Daily Insights

The NFL’s Virtual Kickoff

By: Mackenzie Baker | Apr 24, 2020

Rather than an ornate ceremony in Las Vegas, this year’s NFL Draft is going digital. 

Draft picks for the 2020 season will be announced by NFL commissioner Roger Goodell from his home after the Coronavirus pandemic forced the event’s cancellation. The draft runs from April 23 to April 25 on ABC, ESPN, and the NFL Network, as well as on each station’s apps. It is the first big sporting event to take place during the pandemic—other events including Wimbledon, The Masters, and the rest of the MLB season have all been canceled. For the 2019 draft, 600,000 fans attended in person, and while that is impossible to recreate for 2020, ESPN will scour TikTok, Instagram, and Twitter for fan reactions to share during the live event. Having the draft could reassure fans that life—and football—will soon get back to normal.

Despite the draft’s abnormal circumstances, over 100 brands have agreed to sponsor. With the economy fumbling and marketing campaigns put on hold, gathering such a large number of brand sponsors gives hope to marketing initiatives post-Coronavirus. As sponsors, the brands have the opportunity to drive awareness through display ads and social media, according to a Gartner report on the topic. Additionally, the increase in television consumption during the pandemic could help the draft score strong engagement rates from the millions of viewers staying home. Lowe’s is this year’s largest advertising sponsor and will run commercials on ESPN through its new marketing campaign, “Home Is What Unites Us”. As part of the NFL’s relief efforts during the crisis, a “Draft-A-Thon” will run simultaneously on social media. The virtual fundraiser also includes a designated website where fans can donate to a Coronavirus Relief Fund, adding to the $76 million already donated by the league.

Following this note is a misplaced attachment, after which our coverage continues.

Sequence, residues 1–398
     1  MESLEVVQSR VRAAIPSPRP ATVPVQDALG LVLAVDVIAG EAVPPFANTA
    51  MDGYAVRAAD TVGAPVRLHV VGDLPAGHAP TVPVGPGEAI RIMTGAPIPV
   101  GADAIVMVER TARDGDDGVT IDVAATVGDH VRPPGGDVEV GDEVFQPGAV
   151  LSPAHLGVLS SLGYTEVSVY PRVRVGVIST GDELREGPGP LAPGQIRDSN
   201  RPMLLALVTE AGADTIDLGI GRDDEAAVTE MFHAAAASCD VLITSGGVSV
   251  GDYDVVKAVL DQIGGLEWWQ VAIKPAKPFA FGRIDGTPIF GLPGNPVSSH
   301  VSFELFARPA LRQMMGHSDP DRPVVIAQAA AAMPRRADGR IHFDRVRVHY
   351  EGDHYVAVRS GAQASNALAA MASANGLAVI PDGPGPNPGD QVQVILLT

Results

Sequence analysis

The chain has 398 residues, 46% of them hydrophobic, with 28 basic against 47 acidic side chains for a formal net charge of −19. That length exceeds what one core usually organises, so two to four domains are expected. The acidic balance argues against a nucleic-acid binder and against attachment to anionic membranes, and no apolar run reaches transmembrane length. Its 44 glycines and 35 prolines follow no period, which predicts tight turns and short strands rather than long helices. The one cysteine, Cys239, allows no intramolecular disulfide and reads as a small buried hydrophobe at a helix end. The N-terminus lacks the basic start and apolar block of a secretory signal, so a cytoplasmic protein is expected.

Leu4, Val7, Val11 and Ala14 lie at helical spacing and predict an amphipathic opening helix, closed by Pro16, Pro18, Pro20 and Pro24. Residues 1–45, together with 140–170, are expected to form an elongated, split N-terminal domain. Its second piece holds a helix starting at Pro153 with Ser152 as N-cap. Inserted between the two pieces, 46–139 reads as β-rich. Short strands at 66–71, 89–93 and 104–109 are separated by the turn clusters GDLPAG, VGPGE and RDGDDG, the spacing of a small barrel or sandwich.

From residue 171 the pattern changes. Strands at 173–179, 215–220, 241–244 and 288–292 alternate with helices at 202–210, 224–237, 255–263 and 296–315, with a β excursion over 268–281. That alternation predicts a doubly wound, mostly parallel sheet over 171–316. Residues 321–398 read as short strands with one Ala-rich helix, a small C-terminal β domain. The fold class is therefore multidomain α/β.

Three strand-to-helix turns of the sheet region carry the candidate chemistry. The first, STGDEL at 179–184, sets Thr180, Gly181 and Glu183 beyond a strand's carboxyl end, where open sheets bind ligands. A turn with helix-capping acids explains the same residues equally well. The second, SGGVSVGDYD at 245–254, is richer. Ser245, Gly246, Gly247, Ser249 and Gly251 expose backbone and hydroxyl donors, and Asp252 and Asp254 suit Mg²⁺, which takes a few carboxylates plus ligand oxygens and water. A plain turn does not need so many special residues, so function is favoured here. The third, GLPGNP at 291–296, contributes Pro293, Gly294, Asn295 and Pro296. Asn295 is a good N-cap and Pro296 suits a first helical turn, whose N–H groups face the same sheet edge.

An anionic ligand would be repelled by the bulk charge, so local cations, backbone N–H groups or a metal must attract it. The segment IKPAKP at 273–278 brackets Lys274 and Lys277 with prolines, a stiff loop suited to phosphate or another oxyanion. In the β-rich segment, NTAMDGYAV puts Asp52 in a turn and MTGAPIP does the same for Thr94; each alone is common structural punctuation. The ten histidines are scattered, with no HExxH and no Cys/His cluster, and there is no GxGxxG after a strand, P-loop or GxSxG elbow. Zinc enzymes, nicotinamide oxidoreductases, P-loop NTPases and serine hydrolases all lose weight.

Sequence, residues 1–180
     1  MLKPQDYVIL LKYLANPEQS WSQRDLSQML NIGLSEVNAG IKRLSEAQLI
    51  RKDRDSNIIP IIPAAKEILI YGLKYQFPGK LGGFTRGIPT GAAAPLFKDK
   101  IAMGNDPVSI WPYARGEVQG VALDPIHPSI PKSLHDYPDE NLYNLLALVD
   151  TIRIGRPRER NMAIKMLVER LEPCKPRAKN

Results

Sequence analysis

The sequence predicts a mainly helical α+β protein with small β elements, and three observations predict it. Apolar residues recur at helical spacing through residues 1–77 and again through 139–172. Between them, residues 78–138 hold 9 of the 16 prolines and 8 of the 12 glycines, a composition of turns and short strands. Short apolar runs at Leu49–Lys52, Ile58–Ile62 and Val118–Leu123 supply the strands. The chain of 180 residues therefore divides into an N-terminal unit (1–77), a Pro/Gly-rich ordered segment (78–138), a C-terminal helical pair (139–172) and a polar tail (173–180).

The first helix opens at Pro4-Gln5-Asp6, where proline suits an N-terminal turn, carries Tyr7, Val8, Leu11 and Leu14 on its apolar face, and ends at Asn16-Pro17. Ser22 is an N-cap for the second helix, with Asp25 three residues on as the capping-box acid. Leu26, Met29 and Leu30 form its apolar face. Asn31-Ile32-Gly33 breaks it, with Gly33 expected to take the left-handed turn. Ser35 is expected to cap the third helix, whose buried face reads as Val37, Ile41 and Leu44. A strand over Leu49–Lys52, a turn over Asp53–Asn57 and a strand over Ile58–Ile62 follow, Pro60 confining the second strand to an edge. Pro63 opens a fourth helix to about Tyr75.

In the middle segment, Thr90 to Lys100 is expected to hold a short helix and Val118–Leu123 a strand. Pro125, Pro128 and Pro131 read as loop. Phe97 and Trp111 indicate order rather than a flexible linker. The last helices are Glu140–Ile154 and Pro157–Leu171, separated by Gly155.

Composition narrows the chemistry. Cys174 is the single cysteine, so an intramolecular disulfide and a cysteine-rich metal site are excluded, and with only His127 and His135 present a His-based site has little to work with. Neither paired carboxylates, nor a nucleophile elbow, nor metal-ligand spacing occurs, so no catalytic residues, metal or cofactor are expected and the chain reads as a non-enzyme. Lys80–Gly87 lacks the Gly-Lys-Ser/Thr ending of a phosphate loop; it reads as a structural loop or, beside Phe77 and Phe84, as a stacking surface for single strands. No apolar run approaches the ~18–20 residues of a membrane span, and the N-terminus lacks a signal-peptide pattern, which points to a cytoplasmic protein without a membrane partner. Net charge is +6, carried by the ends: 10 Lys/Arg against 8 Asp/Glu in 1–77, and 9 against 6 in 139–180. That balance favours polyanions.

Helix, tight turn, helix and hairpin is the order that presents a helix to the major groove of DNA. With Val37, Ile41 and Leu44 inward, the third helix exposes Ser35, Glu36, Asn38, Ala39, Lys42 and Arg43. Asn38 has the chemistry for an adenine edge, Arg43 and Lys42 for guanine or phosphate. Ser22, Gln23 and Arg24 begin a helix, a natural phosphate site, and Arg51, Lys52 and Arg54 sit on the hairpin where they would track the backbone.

The NFL Draft is pressing on, becoming the first live sporting event in the U.S. in over a month. Combining the event’s routineness with the unprecedented demand for brand advertising could prove a silver lining for the future of sports marketing.